Finding a Job on the Internet: Hype vs. Reality
Are you looking for a new job or consulting assignment? Will
you be looking in the near future? No problem. Just post your
résumé on the Internet, sit back, and wait for the offers to
come pouring in.
That’s the hype, anyway. The reality is quite different. In
September 2003, the big job board, monster.com, contained more
than 25 million résumés—but only 800,000-plus job listings.
That’s a ratio of about 30 to 1. Competition for jobs is stiff,
even on the Internet.
But that doesn’t mean you should forget about doing an online
job search. You could be putting your career at risk if you
did, because, according to a 2002 iLogos Research study, 70
percent of Fortune 500 companies listed jobs on at least one of
three major Internet job boards.
So what can you do to improve your chances of getting a job
online? Here are some tips to get you started.
Use the right résumé format.
Before you post your résumé on a job board, read the
instructions. Most boards require a plain text (also called
ASCII) version of your résumé that contains only the characters
found on a standard keyboard—nothing fancy like centering or
bold text. If you paste your word-processed résumé onto one of
these boards, the formatting will be lost or, even worse,
translated into meaningless characters. An ASCII résumé, on the
other hand, will retain its formatting and
Include keywords in your résumé.
The résumé you post online must include keywords. These are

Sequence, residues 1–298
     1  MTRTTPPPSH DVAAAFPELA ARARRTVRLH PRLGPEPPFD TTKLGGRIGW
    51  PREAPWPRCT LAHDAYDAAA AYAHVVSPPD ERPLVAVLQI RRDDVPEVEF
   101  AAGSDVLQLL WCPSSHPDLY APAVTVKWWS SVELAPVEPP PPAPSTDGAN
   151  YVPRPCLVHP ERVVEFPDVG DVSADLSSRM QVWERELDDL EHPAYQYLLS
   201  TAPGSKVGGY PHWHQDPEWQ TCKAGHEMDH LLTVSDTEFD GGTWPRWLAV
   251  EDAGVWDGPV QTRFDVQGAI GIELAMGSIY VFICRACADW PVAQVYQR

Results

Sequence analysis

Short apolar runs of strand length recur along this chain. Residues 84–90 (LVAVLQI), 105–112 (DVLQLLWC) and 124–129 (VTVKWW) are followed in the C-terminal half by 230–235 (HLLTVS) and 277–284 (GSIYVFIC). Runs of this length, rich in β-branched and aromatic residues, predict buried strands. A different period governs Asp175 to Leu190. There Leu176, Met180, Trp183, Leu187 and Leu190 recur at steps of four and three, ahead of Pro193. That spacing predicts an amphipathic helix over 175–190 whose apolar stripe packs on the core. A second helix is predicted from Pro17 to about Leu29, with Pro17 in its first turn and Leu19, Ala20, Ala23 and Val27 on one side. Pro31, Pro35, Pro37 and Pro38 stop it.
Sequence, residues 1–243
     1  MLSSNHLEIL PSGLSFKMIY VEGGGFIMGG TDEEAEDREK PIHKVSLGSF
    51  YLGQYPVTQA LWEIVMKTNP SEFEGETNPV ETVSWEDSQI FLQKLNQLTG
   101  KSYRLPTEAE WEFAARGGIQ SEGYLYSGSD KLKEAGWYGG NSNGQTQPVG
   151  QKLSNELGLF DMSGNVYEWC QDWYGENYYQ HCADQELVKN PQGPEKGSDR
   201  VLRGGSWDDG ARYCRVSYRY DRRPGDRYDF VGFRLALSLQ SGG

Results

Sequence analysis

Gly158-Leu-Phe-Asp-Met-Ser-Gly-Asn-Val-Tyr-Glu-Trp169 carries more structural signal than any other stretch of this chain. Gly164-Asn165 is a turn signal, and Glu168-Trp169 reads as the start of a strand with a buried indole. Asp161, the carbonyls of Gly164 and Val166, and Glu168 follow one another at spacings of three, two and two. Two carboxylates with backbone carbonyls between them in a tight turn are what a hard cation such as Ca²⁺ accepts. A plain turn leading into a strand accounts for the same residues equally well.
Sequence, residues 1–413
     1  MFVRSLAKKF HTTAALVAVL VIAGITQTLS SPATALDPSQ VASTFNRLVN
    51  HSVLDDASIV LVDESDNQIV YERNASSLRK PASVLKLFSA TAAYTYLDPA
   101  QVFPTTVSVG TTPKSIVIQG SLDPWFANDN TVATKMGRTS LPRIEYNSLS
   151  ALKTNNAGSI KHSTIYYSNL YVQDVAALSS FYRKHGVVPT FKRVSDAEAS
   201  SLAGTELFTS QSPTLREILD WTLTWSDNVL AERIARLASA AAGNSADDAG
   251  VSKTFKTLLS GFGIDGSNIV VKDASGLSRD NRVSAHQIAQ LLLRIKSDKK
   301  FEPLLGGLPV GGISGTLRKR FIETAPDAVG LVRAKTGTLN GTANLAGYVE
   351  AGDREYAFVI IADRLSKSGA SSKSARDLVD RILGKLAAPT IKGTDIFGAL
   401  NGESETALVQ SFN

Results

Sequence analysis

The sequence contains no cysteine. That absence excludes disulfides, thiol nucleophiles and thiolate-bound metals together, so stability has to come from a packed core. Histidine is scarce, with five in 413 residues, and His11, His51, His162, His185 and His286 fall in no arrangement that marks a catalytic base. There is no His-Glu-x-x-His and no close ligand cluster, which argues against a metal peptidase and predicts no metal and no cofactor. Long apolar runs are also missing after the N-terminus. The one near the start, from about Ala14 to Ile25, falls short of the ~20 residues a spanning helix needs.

just the buzz words that describe the skills and experience
that are important in your industry and profession, like
accounts payable and
cash flow analysis.
Employers and recruiters use keywords to search for résumés,
and yours won’t be found unless it contains them.
Update your résumé posting.
When you post your résumé on a job board, make it a practice to
update it every week or two. You don’t have to make any changes
to the content; you just have to go through the update process
to have your résumé stamped with the current date. All
else being equal, the résumés with the most recent dates will
show up at the top of employers’ search results—and that’s
where you want your résumé to be.
Post your résumé on niche boards.
Although it’s important to post your résumé on a few of the big
boards, don’t leave it at that. According to a CareerXroads
survey, 21.2 percent of Internet hires in 2002 came from other
job sites, including niche job boards. To find a specialty
board that’s right for you, go to the websites of associations
that represent your industry or profession.
Apply at corporate websites.
The largest number of Internet hires in the CareerXroads
survey, 58.9 percent, came from corporate websites. To take
advantage of this fact, come up with a list of companies you
might like to work for and find them on the Web. Then submit
your résumé directly to every company that has an application
form on its site. Most will want your ASCII résumé but read the
instructions to make sure.
Network using a Web résumé.
Last but not least, try combining Internet tools with more
traditional job search techniques. One powerful combination is
to use a Web résumé (a résumé displayed as a website) with the
networking method. Include the address of your Web résumé on a
business card and give it to prospective employers and other
contacts you meet. If you spark their interest during your
conversation, they will be sure to look for your résumé